Today, we're launching a QR code scavenger hunt on the square. The hunt revolves around local trivia about Denton's most notorious outlaw, Sam Bass. He's not just famous, he's INfamous. One of our favorite historians, Shaun Treat, is to thank for the knowledge and elbow grease putting this one together. So finish that cup of coffee, put on your pants, turn your brain on and get to work. This scavenger hunt is full of fun prizes, twists, and turns that will take you all around the Denton square. Read on to get started...
As we’ve previously written, the Texas outlaw Sam Bass got his start in Denton as a stable boy and hired hand when he arrived in 1870, but quickly achieved notoriety racing his famously fast Denton Mare around the territories. Sam became infamous, however, when his gang robbed a Union Pacific train of $60,000 in $20 double-eagle gold coins during an 1876 heist… that’s almost $1.3 million in today’s dollars, and still today the single largest UP train heist ever! Take that, Jesse James!
Odd thing is, after returning to Denton and living high on the hog for a’while, the Sam Bass Gang soon returned to banditry until the railroad-hired Pinkerton Detectives and the Texas Rangers turned him into Texas’ Public Enemy #1 with a bounty on his head. After being mortally wounded in a Round Rock TX shootout and dying on his 27th birthday in 1878, Sam left everyone wondering what happened to his fortune in gold. On his deathbed, Sam claimed he’d given his last $20 gold piece to an African-American widow at Round Rock in payment for some biscuits and chicken, but even the Rangers figured he was throwing them off the scent. Some say he squandered it on the notoriously costly vices of whiskey, women, and gambling, while others guess the notoriously generous outlaw had spread it around while on the lam from the law. But most folks figured he had buried his stolen gold in secret troves that he could access while on the run, and thus began the legends of Sam Bass’ hidden gold.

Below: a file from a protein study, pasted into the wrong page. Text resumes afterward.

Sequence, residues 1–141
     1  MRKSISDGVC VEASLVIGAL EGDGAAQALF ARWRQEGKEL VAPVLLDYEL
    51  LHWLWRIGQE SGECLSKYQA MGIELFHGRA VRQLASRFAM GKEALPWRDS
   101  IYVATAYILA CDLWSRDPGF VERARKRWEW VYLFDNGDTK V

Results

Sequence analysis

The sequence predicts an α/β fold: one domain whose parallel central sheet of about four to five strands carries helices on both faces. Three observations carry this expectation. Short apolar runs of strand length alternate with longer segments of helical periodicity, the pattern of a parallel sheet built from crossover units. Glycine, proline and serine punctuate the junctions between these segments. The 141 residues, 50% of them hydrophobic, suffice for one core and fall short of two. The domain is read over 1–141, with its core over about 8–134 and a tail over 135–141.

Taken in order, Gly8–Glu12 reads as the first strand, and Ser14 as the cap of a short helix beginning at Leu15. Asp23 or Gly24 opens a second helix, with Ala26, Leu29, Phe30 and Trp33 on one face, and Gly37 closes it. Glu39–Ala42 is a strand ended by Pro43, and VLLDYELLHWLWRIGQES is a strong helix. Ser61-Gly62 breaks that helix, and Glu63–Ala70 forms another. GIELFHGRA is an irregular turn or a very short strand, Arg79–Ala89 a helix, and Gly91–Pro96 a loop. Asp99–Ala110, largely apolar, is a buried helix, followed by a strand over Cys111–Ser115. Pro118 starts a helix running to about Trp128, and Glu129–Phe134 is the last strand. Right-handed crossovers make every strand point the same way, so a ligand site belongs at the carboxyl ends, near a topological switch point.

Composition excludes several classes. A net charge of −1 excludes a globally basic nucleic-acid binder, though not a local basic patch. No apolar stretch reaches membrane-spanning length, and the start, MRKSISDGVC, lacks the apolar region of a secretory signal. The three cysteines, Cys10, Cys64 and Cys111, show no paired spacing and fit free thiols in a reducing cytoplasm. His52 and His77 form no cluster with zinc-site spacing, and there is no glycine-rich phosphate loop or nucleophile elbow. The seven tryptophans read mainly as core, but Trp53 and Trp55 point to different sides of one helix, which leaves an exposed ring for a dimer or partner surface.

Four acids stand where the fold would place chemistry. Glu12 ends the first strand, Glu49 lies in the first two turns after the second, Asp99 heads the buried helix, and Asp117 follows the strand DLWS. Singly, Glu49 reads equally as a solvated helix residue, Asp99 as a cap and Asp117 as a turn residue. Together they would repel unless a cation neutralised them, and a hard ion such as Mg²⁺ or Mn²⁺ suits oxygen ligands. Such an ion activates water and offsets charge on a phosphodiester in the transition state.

Sam Bass was barely cold in the ground when folks started hunting for his hidden gold, and still are to this day. If you believe everything you Google, the location of Sam’s gold is ‘definitely’ hidden somewhere different across three states, depending upon which treasure hunter you believe. But there’s some pretty darn convincing evidence that Sam’s loot, if there was any left, is somewhere around Denton! Cove Hollow outside Sanger, caves at Pilot Knob, near Grapevine Lake, and Denton’s Crosstimbers thickets have long been rumored locations. The Freedman Town southwest of the Denton Square pretty quickly circulated rumors that Sam Bass’ ghost was haunting the dirt roads at night atop his Denton Mare in search of his hidden gold, and other locals reported that Sam’s partner, Frank Jackson, had escaped the Round Rock shootout to return to Denton briefly. A few Dentonites claimed Sam had left his treasure somewhere on the Denton Square with a trusted confederate, who took its secret location to their grave before Frank returned. At the 1949 movie premiere of Calamity Jane and Sam Bass at the Campus Theater, several old timers claimed that an elderly Frank Jackson had secretly returned 12 years prior “hunting for a pot of gold buried near Denton, but he never did find it.” So the question remains: Is Sam Bass’ gold hidden somewhere in Denton?
Heck, we honestly don’t know, but hunting for secret treasure sure can be fun! In that spirit, Shaun Treat has collaborated with We Denton Do It to create a treasure hunt keeping with the historical legend. The prizes are very real, with a grand prize of $100 to the first treasure hunter who can chase down and complete the QR clues, but runner-up rewards (including a pass to this year's 35 Denton and much more) to the next 10 who are able to finish the challenge! Reckon you got what it takes to solve the mystery to #GetSamsGold? If ya do, we’ll seeya at the secret hideout! Get started by scanning the QR code in the image above.
Shaun Treat is a former professor at the University of North Texas and founder of the Denton Haunts historical ghost tour. Doc has written about numerous local places and personalities at his Denton Haunts blog, and is forever indebted to the great work of the fine folks with the Denton County Department of History & Culture as well as our local keepers of history like Mike Cochran and Laura Douglas at the Emily Fowler Library for their tireless work in helping preserve Denton’s intriguing past.